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Angiotensin-converting enzyme (ACE) has a critical role in cardiovascular function by cleaving the carboxy terminal His-Leu dipeptide from angiotensin I to produce a potent vasopressor octapeptide, angiotensin II. Inhibitors of ACE are a first line of therapy for hypertension, heart failure, myocardial infarction and diabetic nephropathy. Notably, these(More)
Angiotensin-I-converting enzyme (ACE) plays a critical role in the regulation of blood pressure through its central role in the renin-angiotensin and kallikrein-kinin systems. ACE contains two domains, the N and C domains, both of which are heavily glycosylated. Structural studies of ACE have been fraught with severe difficulties because of surface(More)
BACKGROUND Angiotensin I-converting enzyme (ACE) metabolizes a range of peptidic substrates and plays a key role in blood pressure regulation and vascular remodeling. Thus, elevated ACE levels may be associated with an increased risk for different cardiovascular or respiratory diseases. Previously, a striking familial elevation in blood ACE was explained by(More)
Cardiovascular disease (CVD) is responsible for ∼27% of deaths worldwide, with 80% of these occuring in developing countries. Hypertension is one of the most important treatable factors in the prevention of CVD. Angiotensin-I converting enzyme (ACE) is a two-domain dipeptidylcarboxypeptidase that is a key regulator of blood pressure as a result of its(More)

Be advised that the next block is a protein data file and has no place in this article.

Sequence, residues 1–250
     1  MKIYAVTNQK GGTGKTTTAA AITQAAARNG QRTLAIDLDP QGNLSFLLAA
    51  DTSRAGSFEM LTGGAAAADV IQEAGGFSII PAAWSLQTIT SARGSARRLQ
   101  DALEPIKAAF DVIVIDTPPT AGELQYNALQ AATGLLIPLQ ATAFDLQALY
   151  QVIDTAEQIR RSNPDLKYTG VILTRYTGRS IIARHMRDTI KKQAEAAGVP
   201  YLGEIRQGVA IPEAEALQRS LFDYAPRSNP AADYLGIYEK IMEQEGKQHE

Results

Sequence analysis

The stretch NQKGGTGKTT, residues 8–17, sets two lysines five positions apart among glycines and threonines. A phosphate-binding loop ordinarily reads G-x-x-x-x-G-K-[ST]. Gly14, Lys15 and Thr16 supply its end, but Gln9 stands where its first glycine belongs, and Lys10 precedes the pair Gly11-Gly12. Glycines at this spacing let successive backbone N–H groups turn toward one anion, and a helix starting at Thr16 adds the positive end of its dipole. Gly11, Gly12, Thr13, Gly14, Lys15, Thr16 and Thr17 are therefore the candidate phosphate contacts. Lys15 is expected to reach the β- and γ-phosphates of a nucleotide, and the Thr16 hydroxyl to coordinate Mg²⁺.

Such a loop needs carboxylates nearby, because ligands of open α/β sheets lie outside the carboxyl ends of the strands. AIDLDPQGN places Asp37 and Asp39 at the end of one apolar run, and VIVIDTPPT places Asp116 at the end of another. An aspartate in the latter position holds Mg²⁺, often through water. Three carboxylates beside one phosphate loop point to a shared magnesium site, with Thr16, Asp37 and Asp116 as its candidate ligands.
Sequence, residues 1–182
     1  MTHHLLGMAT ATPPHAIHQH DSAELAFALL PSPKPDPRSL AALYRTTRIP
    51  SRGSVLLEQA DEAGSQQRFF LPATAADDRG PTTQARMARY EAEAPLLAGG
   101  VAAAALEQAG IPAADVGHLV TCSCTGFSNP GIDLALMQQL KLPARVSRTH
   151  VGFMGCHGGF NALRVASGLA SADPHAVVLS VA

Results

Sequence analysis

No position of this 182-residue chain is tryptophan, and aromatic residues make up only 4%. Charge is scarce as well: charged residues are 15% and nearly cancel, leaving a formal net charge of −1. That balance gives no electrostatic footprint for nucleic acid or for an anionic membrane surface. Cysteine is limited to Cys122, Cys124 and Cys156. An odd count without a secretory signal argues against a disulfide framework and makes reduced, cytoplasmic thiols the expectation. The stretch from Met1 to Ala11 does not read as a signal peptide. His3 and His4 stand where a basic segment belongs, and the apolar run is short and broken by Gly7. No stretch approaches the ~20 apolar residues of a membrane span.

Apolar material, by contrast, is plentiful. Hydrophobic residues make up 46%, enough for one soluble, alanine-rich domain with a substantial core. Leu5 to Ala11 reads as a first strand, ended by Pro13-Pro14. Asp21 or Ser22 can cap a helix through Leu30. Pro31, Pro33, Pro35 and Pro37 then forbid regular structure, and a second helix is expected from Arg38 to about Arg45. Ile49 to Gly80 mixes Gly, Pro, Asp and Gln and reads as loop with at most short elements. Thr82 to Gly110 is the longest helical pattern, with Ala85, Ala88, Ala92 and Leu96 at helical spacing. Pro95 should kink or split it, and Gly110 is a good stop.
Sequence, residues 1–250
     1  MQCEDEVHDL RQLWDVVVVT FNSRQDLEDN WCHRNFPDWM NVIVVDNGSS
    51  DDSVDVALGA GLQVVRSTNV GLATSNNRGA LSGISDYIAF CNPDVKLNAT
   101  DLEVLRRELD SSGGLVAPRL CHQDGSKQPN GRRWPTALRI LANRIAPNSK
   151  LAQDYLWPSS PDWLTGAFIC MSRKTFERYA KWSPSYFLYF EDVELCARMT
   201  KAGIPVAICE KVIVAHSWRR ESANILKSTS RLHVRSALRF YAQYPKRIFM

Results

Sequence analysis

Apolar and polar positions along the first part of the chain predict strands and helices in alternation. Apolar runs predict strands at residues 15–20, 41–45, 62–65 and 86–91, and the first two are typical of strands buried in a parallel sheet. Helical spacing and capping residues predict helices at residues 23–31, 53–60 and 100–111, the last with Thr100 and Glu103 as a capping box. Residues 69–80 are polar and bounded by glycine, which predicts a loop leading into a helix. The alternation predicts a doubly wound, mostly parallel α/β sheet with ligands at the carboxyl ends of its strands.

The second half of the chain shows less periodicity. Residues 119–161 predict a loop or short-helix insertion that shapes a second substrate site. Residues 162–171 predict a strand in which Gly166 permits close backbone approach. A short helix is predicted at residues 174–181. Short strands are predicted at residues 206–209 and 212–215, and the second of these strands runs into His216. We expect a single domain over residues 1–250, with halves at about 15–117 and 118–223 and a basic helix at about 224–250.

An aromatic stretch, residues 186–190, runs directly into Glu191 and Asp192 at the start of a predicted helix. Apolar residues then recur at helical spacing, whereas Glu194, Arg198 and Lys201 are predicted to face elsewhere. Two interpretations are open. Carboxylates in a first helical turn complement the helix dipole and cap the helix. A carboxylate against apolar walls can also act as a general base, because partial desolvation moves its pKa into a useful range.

UNLABELLED Human somatic angiotensin-1 converting enzyme (ACE) is a zinc-dependent exopeptidase, that catalyses the conversion of the decapeptide angiotensin I to the octapeptide angiotensin II, by removing a C-terminal dipeptide. It is the principal component of the renin-angiotensin-aldosterone system that regulates blood pressure. Hence it is an(More)
The somatic and testis isoforms of angiotensin-converting enzyme (ACE) are both C-terminally anchored ectoproteins that are shed by an unidentified secretase. Although testis and somatic ACE both share the same stalk and membrane domains the latter was reported to be shed inefficiently compared with testis ACE, and this was ascribed to cleavage at an(More)
Angiotensin-I converting enzyme (ACE), a two-domain dipeptidylcarboxypeptidase, is a key regulator of blood pressure as a result of its critical role in the renin-angiotensin-aldosterone and kallikrein-kinin systems. Hence it is an important drug target in the treatment of cardiovascular diseases. ACE is primarily known for its ability to cleave angiotensin(More)
Angiotensin-converting enzyme (ACE) is one of a growing number of integral membrane proteins that is shed from the cell surface through proteolytic cleavage by a secretase. To investigate the requirements for ectodomain shedding, we replaced the glycosylphosphatidylinositol addition sequence in membrane dipeptidase (MDP) - a membrane protein that is not(More)
Somatic angiotensin-converting enzyme (sACE), a key regulator of blood pressure and electrolyte fluid homeostasis, cleaves the vasoactive angiotensin-I, bradykinin, and a number of other physiologically relevant peptides. sACE consists of two homologous and catalytically active N- and C-domains, which display marked differences in substrate specificities(More)
Urinary glycoproteins are important inhibitors of calcium oxalate crystallization and adhesion of crystals to renal cells, both of which are key mechanisms in kidney stone formation. This has been attributed to glycosylation of the proteins. In South Africa, the black population rarely form stones (incidence < 1%) compared with the white population(More)